Third party mediation has always played an important role whenever both states engage in a military standoff against each other. After Pulwama, the U.S., being a strategic partner of India, supported the Indian stance of right to defence which indirectly means that they were backing the Indians to conduct a cross border terrorist manhunt inside the territory of Pakistan. But the dangerous developments of 26th and 27th February between the two nuclear armed states compelled the U.S. and other major actors to come forward and deescalate the situation because they also have vested interests in this region.

India and Pakistan overtly declared themselves as Nuclear Weapons States (NWS) in May 1998 by conducting 5 nuclear tests on different dates in the same month; since then till recently, both have declared a No First Use (NFU) and First Use (FU) policy, respectively. However, right after a year of officially acquiring nuclear weapons, both states engaged in the military conflict over Kargil. Similarly, the military standoff of 2001-02, 2008 Mumbai attacks and 2016 Uri military base camp attack, were all tense circumstances in which both states restrained themselves from utilizing the nuclear option.

However, after the Pulwama crisis, voices have been raised from within India to change its nuclear doctrine of No First Use (NFU) to First Use (FU). On 16th August 2019, India’s current Defence Minister Rajnath Singh, during a visit to Pokhran where India conducted nuclear tests in 1974 (covertly) and in May 1998 (overtly), tweeted that India’s Nuclear No First Use (NFU) Policy may change in the future. The only reason this statement received much attention was because it had been issued by a very relevant authority and at a time when relations between the states are hostile.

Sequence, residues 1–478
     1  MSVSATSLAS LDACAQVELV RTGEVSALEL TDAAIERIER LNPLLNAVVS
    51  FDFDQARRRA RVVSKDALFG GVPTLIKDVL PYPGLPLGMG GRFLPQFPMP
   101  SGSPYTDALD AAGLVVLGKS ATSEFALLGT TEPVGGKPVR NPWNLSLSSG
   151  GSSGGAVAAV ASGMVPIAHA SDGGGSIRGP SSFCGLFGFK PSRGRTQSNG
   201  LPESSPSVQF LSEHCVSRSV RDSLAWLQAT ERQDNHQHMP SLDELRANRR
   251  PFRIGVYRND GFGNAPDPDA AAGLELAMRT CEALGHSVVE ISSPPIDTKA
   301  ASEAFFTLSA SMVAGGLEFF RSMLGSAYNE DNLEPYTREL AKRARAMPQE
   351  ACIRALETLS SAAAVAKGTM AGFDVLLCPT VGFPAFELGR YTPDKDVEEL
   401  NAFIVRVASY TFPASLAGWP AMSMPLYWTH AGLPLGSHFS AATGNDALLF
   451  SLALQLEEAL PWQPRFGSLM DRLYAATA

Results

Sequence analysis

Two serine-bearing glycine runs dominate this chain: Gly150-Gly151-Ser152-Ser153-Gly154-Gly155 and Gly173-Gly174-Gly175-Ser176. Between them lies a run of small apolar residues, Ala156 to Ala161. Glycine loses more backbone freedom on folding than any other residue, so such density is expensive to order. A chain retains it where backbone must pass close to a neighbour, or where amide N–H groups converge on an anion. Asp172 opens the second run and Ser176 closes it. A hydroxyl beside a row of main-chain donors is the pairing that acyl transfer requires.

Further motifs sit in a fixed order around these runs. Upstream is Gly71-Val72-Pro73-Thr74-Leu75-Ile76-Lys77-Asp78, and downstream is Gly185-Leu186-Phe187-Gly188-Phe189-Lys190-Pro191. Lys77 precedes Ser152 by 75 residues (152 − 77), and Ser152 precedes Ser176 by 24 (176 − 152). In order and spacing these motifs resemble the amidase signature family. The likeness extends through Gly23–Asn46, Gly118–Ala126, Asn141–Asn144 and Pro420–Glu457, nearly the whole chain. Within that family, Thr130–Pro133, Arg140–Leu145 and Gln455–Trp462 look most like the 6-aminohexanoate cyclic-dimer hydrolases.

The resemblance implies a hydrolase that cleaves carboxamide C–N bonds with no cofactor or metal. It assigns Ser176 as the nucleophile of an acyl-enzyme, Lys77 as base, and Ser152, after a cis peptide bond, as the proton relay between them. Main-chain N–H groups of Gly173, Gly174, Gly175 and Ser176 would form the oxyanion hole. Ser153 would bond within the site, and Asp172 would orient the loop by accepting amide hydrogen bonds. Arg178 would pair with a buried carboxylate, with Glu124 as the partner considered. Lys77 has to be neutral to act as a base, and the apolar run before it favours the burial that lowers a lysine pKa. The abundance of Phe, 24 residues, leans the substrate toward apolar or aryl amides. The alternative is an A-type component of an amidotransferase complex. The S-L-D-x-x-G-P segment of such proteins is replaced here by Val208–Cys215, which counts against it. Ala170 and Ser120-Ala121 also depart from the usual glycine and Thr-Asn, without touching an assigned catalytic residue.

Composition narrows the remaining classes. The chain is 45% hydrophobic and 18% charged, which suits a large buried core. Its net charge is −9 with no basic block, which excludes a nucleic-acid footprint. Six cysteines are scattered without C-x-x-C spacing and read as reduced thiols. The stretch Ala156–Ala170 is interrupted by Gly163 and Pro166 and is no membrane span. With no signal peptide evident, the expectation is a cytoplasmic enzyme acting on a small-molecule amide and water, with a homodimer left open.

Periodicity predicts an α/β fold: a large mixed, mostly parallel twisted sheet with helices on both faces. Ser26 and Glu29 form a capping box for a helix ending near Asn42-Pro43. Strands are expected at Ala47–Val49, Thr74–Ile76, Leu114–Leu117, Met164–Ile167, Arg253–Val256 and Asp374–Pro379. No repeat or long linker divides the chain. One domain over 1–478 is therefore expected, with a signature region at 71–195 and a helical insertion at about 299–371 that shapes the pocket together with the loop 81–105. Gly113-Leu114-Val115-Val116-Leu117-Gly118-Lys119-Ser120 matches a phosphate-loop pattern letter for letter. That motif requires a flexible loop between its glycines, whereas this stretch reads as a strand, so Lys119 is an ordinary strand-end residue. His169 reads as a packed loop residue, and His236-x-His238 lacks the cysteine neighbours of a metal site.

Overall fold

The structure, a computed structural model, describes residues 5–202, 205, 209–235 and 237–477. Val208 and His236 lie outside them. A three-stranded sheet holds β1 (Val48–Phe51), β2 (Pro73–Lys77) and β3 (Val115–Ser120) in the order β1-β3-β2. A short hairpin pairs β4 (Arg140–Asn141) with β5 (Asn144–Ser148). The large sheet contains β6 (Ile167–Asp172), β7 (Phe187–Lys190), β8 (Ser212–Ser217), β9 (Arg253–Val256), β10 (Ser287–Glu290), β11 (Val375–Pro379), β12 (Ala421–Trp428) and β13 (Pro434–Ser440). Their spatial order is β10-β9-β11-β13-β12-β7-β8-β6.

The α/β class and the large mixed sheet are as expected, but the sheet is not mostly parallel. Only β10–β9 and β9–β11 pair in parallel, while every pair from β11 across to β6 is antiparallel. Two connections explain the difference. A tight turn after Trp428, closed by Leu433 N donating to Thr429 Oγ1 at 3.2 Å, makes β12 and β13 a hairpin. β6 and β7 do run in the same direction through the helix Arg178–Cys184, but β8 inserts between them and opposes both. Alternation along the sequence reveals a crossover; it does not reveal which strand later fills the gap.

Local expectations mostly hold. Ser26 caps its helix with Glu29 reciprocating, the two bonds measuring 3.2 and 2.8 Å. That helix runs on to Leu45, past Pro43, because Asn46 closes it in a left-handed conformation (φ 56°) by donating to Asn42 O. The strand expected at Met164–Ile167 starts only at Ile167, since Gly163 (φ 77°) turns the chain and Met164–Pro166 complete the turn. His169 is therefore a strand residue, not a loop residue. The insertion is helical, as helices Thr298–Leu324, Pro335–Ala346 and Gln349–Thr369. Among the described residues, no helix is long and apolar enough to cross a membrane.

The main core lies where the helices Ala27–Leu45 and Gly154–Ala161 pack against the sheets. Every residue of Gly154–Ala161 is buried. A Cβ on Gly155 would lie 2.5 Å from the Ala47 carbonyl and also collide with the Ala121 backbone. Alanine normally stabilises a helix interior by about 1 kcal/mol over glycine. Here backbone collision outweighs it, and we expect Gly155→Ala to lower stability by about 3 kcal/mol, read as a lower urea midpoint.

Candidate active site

Pakistan and India have officially possessed nuclear weapons for the last twenty odd years, and never in this short history of holding nuclear weapons have they ever come near to meeting a nuclear end. The Pulwama attack was different from the above-mentioned cases as the target was purely paramilitary personnel. Therefore, sentiments raged not only amongst the public but also the military and called for immediate action. This resulted in the false flag aerial operation within Pakistan in an attempt to calm the Indian public. It ended up as a conventional dogfight, but once again matters were refrained from reaching a nuclear threshold.

Despite having hostile relations, India and Pakistan behave or are compelled to behave rationally, which deters both from engaging in a full-fledged war with each other. While some incidents occurred in recent years which resulted in military stand offs, the use of the nuclear weapon was invalidated because it would be mutually detrimental for both states. Therefore, in the post Pulwama crisis, the concept of Mutual Assured Destruction (MAD) prevailed with success.

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About Muhammad Usama Khalid 1 Article
Usama Khalid is a BS Strategic Studies student in National Defence University (NDU), Islamabad.